Today started with a run with my roommate, Tim. There is a famous monument about halfway up a steep hill overlooking Kameoka and at the top of the hill is another area with many more stone monuments and an observation tower with an even greater view. It has been tradition for the students of the JSAP program to take their morning run up this hill, so Tim and I decided to run it.

The previous night, Dr. Stapp had shown us the street to get to the path up the hill, so we had not seen the actual path before. We had a pretty good run to the beginning of the path. When we got there we found a steep staircase of tiny concrete steps, almost all of them too big for our feet. So we decided to just walk up the stairs to the monument (our only safe course of action). It was overcast that day but you could still see a large portion of the city. Unfortunately, the overcast skies meant that we were going to get rained on later in the day.

Our major event today was Sanjusangendo, a Buddhist temple located in south eastern Kyoto. Its name translated means “the hall of the 33 alcoves” which comes from the architectural design of the temple. There are 35 large pillars that support the building and 33 spaces between those pillars. The original name of the temple was Rengeo-in Temple and it was built in 1164 by the orders of the emperor Goshirakawa. The temple was rebuilt as Sanjusangendo in 1266 during the Kamakura era after Rengeo-in burned down, as so many other temples in Japan have. The hall is enormous, measuring 387 feet long by 59 feet wide, and it is the largest wooden building in the world.

Sanjusangendo is built around the gilded statue of the 1,000 armed Kannon, the Buddhist goddess of mercy. According to Buddhist tradition, each of these arms is able to save one world. There are also a thousand smaller gilded statues of Kannon, but instead of having a thousand arms for each of these statues, each has only forty arms with each arm able to save 25 worlds. These statues were carved by 70 sculptors out of Japanese cypress led by the sculptor Tankai and are all slightly different from one another. One of the customs among visitors to Sanjusangendo is to try to find the likeness of friends and family members in the faces of the many statues located here.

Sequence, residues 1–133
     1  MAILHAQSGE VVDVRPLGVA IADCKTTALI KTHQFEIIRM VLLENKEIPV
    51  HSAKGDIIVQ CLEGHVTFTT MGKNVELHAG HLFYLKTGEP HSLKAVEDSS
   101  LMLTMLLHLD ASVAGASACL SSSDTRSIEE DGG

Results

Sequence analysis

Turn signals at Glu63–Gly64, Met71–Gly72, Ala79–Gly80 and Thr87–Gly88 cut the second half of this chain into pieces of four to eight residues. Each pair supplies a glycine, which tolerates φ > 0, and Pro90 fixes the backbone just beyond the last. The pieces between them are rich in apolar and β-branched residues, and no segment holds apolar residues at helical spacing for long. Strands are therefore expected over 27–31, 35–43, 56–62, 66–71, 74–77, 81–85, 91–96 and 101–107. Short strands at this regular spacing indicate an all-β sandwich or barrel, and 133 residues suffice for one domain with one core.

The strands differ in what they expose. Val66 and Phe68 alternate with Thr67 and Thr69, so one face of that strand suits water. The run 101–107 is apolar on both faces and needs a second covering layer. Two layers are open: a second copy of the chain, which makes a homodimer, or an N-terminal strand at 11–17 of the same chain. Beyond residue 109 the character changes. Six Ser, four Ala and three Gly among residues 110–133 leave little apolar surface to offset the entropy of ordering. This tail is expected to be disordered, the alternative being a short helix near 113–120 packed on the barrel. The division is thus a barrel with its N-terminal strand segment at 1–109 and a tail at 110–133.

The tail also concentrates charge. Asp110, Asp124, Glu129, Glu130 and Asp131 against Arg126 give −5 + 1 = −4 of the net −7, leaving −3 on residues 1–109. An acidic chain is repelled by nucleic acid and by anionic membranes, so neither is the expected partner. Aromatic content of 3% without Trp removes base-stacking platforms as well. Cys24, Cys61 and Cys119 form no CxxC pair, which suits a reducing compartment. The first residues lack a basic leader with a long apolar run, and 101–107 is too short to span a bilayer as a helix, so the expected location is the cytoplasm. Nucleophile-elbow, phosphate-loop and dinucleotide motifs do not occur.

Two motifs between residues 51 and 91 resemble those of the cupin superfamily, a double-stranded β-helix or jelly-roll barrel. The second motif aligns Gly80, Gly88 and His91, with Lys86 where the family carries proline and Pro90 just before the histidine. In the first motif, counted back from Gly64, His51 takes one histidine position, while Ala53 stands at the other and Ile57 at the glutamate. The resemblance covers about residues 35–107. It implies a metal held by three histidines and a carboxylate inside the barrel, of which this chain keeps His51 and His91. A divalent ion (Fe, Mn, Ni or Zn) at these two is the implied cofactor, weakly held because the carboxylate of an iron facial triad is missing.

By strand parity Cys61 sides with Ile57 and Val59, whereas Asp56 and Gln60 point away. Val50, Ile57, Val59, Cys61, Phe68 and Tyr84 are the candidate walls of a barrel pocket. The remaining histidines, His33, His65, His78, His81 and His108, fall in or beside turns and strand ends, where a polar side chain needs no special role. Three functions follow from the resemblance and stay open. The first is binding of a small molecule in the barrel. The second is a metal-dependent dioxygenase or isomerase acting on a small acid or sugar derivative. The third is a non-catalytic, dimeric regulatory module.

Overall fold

Since 1606, Sanjusangendo has hosted a biannual archery contest on January 15 and May 2. Archers attempt to see who can fire the greatest number of arrows at a target. The archer stands outside at the one end of the lengthy hall and aims at the target located in the veranda of the other end of the hall, a 400 foot shot. The record for the greatest number of arrows shot was set by a 12-year samurai in 1686 when shot 13,056 arrows and hit 8,133 bull’s eyes all in one day.

Miamyoto Musashi, the famed 17th century Japanese swordsman, fought a duel here with members of a rival school of swordsmanship. He killed 16 of his opponents all by himself. At the end of the temple tour, there was a display about this event which included a portrait of Musashi. Needless to say, Musashi does not look at all like Toshiro Mifune.